Hi odas ,   I can’t explain, because I don’t understand either!   But, i’ve been told that the entire universe is THE center.     ..there is no specific ‘spot’ which is it’s center. ! ?   As for expansion.. they say it’s happening EVERYWHERE.   @ every ‘point’.   If so, then it seems to me there would be a CUMULATIVE effect.?    (cu·mu·la·tive   adjective 1:  increasing or increased in quantity, degree, or force by successive additions.)    Which would make it appear as if the rate of expansion (of space?) is increasing … while ,really, it is the Area/(volume?) of space?) which is increasing.?  Either scenario would  appear the same to us. ?  (maybe both are happening? ..increasing area & momentum) !*  .,if the space between here & there is expanding Everywhere ,in between,  expansion would appear to be accelerating!*?  Some say that as space expands, the available  (finite?) energy becomes  less energetic as it is dispersed!!       Oddly , or naturally, enough, the space within our solar system and within our very atoms is expanding…but we don’t notice, because our solar system, and atoms, are bound/held together by local forces ..like gravity & electromagnetism.          (Please read the disclaimer below;)

But, you ask a great question about …”how can we be sure that the rate of expansion is even across the Universe”?    ! ?

Edited by lightly
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It would probably help if astrophysicists could date black holes.

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18 hours ago, lightly said:

Hi odas ,   I can’t explain, because I don’t understand either!   But, i’ve been told that the entire universe is THE center.     ..there is no specific ‘spot’ which is it’s center. ! ?   As for expansion.. they say it’s happening EVERYWHERE.   @ every ‘point’.   If so, then it seems to me there would be a CUMULATIVE effect.?    (cu·mu·la·tive   adjective 1:  increasing or increased in quantity, degree, or force by successive additions.)    Which would make it appear as if the rate of expansion (of space?) is increasing … while ,really, it is the Area/(volume?) of space?) which is increasing.?  Either scenario would  appear the same to us. ?  (maybe both are happening? ..increasing area & momentum) !*  .,if the space between here & there is expanding Everywhere ,in between,  expansion would appear to be accelerating!*?  Some say that as space expands, the available  (finite?) energy becomes  less energetic as it is dispersed!!       Oddly , or naturally, enough, the space within our solar system and within our very atoms is expanding…but we don’t notice, because our solar system, and atoms, are bound/held together by local forces ..like gravity & electromagnetism.          (Please read the disclaimer below;)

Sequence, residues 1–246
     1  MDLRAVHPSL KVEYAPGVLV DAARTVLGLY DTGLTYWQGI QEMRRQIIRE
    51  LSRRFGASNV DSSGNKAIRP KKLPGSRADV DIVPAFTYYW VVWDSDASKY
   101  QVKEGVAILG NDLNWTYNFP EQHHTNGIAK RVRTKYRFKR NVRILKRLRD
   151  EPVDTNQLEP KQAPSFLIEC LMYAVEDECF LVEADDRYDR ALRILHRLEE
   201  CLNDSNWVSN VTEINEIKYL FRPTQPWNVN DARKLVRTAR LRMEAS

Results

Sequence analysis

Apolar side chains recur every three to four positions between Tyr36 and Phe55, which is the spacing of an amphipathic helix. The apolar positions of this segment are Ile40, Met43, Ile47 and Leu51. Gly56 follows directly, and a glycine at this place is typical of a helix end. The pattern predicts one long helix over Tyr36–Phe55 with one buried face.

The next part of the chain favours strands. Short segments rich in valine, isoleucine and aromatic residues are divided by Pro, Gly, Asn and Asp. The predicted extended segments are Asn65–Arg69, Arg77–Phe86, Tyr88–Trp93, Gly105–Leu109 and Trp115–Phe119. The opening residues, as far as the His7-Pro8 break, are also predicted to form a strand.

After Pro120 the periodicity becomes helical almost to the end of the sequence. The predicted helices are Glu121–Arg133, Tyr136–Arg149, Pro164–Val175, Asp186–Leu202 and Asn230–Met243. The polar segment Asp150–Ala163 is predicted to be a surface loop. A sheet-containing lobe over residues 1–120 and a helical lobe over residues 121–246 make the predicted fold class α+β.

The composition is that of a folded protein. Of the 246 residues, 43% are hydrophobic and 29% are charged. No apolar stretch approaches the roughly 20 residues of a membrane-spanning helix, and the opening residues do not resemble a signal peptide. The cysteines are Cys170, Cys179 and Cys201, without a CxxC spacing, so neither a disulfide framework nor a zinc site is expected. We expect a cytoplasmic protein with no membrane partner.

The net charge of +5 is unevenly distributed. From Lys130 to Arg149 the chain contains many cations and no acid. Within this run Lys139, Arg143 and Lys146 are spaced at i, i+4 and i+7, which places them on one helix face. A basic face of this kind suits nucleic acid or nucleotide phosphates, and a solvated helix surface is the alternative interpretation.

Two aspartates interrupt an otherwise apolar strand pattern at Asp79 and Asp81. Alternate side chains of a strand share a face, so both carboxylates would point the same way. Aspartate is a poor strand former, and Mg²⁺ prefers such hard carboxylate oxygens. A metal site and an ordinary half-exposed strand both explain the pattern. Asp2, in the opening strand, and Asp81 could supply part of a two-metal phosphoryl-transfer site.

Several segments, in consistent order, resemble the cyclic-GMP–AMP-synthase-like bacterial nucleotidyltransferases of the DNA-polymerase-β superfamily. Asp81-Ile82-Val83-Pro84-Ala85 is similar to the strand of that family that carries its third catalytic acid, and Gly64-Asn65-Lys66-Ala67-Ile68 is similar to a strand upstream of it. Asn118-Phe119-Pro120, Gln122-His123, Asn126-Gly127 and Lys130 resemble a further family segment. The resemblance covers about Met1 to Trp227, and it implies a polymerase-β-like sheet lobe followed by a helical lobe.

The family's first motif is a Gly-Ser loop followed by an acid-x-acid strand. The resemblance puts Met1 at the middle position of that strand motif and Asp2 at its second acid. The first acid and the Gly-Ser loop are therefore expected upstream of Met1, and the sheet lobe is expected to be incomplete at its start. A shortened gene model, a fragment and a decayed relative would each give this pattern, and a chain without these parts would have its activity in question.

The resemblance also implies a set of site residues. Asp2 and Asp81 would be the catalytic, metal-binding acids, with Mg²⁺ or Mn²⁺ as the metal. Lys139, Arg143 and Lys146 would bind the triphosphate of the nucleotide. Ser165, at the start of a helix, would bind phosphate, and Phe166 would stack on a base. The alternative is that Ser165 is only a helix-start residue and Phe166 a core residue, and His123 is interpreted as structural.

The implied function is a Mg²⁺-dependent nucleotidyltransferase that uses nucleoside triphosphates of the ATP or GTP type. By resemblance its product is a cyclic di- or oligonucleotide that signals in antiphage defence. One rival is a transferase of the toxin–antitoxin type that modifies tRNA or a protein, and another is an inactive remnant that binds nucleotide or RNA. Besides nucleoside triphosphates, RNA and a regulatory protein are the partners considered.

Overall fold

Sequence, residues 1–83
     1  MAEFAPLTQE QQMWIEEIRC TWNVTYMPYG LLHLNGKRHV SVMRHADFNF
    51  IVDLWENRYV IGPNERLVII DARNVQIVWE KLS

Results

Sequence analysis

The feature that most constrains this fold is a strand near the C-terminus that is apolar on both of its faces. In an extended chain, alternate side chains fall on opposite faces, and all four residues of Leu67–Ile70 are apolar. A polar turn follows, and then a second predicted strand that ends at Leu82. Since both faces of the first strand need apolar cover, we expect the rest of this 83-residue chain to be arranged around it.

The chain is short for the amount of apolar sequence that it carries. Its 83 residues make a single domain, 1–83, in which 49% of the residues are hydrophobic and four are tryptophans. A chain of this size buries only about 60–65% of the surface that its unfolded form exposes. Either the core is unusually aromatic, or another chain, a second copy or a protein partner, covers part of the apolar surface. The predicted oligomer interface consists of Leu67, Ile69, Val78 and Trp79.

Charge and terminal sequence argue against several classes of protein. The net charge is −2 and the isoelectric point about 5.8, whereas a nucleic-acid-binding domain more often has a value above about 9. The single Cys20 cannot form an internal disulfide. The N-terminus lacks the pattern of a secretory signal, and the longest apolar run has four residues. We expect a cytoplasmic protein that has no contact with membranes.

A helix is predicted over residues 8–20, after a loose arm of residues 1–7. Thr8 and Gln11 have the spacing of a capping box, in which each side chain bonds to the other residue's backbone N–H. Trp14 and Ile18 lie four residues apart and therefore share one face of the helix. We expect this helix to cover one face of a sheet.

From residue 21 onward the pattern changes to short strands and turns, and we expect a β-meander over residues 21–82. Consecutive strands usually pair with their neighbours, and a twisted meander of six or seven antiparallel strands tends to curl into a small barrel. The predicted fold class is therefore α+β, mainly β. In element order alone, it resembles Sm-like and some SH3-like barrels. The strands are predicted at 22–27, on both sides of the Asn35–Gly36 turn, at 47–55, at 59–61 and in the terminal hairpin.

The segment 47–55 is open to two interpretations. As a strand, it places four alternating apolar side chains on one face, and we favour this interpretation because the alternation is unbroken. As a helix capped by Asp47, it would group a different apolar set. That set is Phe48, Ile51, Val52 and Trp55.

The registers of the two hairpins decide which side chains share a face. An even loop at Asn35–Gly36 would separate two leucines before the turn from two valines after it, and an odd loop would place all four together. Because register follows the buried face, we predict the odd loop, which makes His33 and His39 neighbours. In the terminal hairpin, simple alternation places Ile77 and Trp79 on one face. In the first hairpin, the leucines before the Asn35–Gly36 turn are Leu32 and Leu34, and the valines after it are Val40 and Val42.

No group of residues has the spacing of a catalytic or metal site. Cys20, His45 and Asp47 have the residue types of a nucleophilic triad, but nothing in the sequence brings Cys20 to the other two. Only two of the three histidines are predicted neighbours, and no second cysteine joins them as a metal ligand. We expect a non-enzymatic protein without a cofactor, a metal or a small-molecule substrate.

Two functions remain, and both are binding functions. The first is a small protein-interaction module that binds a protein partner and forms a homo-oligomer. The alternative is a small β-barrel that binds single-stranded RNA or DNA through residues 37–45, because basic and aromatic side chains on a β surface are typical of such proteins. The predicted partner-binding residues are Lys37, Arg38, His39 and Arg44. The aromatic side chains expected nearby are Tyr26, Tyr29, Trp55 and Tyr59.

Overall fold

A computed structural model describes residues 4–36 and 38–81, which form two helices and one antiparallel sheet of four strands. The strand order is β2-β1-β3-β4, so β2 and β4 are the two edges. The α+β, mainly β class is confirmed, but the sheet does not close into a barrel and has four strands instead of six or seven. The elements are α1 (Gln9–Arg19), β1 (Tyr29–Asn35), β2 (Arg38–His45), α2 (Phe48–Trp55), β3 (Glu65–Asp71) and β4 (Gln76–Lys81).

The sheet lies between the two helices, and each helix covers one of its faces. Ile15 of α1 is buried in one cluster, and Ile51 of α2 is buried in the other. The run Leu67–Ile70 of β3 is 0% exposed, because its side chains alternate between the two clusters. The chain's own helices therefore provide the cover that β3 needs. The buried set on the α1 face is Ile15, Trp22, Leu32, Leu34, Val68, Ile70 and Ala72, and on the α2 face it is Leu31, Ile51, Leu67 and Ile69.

But, you ask a great question about …”how can we be sure that the rate of expansion is even across the Universe”?    ! ?

Thank you lightly for the info. There are some other youtube videos that I have found and need to go thru them.

As for the rate, even speed, of expansion I based my question on the variable speed of asteroids. If Asteroids do not move at the same speed in the universe and are depended on the gravity of a sun, planet...then the speed of the universe expansion could be also variable and dependedent on a force of gravity of something else. As far as I know we can measure the age of the Universe by revinding the speed of expansion to the initial big bang, but this only works if the rate of speed is equal to all. So what if it is not?

I will have to make a pause here and look into this more when I find time.

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Have fun @odas,   I’m a beginner too,  It’s amazing isn’t it!*?       I guess they tend to rely on the speed ,and other observations, of light as the measuring stick.?